Khokhlov did settle in the U.S., at first studying at Duke University. That's where he met J.B. Rhine (previously at Neatorama), the founder of the Institute for Parapsychology in North Carolina. Something about Rhine's research spoke to Khokhlov, who knew of Soviet research into ESP and other parapsychological phenomena. Read about Khokhlov's extraordinary life at Atlas Obscura.
Time management is hard for kids. There's so many things you have to do, like learn all that stuff in school. So you make free time one of your goals. When I'm grown up, I'll finally be able to do what I want! Then when you grow up, you find that what you want to do has changed. It's kind of sad. This is the latest comic from Dami Lee at As Per Usual.
Tuesday night, students on the campus of Penn State were having a little trouble negotiating the icy sidewalk. It's not level, either. They really could have used some salt. Contains NSFW language.
They say the temperature was around 32; college students just dress like it's much warmer. One student who was out that night posted a picture of his scraped-up face after he fell in the Facebook comments. This is why my daughter got Yaktrax for Christmas. If the sidewalk is icy, put your phone in your pocket, keep your hands free, plant your feet a little further apart, and go slow. Better yet, stay inside! -via Digg
In the early 1960s, the record label Edison International was looking for unusual ideas for record albums. Photographer Murray Garrett recalled unknowingly being in a gay bar and hearing male performers sing songs with lyrics written for women. An idea was born. Love is a Drag was filled with soft jazz versions of standard love songs by an unnamed male vocalist. It was the first record album specifically produced for gay men, but it took 50 years for the origin of the album to surface.
“When Murray asked Gene Howard about recording the vocals for the album, he said, ‘Oh, I don’t know, my wife would have a fit,’” Doyle says. Howard’s wife eventually approved, but insisted that the recording had to be done with dignity, and she wanted to be in the studio when it was made. To back Howard’s vocals, Ames’ team at Edison put together a group of established studio musicians for the various instrumentals: Dick Shanahan on drums, Heinie Beau on flute, Bobby Hammack on piano, Morty Corb on bass guitar, and Al Viola on guitar.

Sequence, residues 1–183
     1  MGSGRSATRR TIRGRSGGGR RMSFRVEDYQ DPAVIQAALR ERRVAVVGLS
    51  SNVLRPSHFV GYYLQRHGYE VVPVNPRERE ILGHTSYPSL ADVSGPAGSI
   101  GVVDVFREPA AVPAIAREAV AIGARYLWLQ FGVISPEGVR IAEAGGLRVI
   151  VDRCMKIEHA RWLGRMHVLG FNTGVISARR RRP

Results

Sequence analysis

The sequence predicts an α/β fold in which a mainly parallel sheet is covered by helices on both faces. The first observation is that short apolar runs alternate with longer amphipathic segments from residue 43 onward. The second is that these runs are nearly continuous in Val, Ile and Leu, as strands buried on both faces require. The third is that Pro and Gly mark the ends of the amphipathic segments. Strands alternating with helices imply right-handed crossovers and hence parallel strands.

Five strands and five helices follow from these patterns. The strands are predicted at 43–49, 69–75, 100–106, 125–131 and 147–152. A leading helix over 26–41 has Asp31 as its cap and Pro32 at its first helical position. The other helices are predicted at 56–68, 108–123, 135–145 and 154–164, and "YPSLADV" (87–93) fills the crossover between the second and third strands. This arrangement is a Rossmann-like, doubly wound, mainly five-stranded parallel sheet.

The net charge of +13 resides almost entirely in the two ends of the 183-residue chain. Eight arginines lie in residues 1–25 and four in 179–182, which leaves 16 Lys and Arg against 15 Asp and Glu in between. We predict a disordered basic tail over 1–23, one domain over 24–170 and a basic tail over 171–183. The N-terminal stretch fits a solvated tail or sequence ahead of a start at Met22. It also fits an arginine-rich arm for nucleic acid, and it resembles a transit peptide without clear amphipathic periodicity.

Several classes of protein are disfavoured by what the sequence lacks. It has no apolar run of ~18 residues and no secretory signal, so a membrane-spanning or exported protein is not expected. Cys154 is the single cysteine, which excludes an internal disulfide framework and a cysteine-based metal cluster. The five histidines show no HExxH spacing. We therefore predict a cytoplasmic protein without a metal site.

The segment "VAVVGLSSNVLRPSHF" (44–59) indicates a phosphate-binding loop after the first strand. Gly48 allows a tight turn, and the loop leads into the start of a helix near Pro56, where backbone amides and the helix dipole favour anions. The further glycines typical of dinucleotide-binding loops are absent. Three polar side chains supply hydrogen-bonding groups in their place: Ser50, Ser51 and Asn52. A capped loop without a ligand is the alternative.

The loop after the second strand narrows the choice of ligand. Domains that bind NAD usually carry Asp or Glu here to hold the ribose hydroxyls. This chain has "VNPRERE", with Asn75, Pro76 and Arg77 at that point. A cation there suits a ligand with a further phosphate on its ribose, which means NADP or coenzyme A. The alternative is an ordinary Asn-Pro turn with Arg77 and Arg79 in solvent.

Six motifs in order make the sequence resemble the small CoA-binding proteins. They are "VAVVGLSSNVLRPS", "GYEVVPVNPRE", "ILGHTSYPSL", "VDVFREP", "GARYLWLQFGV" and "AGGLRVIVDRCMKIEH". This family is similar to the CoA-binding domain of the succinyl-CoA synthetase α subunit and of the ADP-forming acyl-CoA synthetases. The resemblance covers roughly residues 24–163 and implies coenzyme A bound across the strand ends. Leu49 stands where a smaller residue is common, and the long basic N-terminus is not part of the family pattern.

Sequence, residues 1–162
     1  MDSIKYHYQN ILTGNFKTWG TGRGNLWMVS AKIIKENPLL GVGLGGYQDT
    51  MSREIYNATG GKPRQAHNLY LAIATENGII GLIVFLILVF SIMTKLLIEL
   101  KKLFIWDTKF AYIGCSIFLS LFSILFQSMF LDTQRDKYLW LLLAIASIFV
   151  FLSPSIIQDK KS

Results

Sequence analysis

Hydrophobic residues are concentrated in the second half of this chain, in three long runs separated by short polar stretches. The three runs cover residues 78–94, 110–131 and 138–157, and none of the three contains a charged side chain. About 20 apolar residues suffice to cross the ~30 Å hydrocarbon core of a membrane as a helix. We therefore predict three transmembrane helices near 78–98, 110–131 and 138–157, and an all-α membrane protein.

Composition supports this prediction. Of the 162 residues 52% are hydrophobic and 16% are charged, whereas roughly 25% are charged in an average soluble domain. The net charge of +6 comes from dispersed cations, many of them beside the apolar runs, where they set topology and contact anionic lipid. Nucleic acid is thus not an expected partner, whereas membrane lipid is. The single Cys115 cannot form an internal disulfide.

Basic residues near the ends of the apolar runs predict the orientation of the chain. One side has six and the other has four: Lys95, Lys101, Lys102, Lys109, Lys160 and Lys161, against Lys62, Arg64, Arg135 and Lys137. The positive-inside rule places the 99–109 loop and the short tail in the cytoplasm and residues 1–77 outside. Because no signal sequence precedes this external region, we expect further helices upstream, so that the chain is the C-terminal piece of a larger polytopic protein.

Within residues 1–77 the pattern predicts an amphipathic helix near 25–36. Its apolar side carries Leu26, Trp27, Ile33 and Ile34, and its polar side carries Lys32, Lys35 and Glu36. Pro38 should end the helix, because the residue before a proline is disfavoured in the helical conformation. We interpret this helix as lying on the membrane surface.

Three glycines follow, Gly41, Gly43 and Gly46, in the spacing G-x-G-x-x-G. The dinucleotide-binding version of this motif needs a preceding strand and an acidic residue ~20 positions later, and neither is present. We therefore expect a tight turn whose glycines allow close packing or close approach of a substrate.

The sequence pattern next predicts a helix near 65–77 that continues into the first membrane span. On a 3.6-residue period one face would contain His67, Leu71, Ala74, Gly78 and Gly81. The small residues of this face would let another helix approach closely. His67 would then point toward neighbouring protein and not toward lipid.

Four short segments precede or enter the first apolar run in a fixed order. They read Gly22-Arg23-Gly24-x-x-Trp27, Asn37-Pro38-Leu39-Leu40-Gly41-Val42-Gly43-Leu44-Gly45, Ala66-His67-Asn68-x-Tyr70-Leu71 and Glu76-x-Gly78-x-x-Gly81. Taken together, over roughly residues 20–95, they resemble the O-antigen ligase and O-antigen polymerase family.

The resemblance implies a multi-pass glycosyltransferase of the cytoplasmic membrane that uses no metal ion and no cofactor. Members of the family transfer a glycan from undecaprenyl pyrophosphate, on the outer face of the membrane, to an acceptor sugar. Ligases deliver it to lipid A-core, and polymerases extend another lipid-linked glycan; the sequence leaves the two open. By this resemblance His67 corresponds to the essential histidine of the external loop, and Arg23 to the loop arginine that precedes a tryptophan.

Garrett supposedly also came up with the record’s title, “Love Is a Drag,” whose meaning is explained in fine print on the back of the album as “Drag: (in music vernacular, a bore, a headache).” It’s unclear if he ever acknowledged the more coded definition of the word “drag,” long used in the queer community to describe someone flamboyantly dressed as the opposite gender.
The album’s limited pressing was finished in 1962, making it the first complete album of gay subject matter in American music history. Despite its groundbreaking substance, the record received zero media coverage, partly because the producers agreed to keep all the musicians anonymous. “The mystery was supposed to sell the album in the first place,” Doyle explains. “Famous people like Frank Sinatra were trying to guess who the vocalist was, wondering, ‘Do I know this person?’ If they had credited Gene Howard originally, it would’ve been totally different."
Love is a Drag was a hit among gay men who knew about it (Liberace even stole a copy), but the record label didn't know how to market it, and then they went out of business. The album became a footnote in history until DJ and music archivist J.D. Doyle began playing it just a few years ago, and then learned the album's story from Garrett. Doyle explains how Love is a Drag came about at Collectors Weekly.
(Image courtesy of J.D. Doyle)
In this video, Tom Oye was snowboarding at Whistler, British Columbia, when an avalanche opened up beneath his feet. His helmet cam gives us his personal POV as he was tossed down the mountain.
But listen: that mechanical sound you hear is Oye's inflatable backpack airbag deploying, designed for just such an emergency. The bag helped keep him above the snow, and might have also helped if he were thrown into rocks or trees. They're not cheap, but could save your life. -via Sploid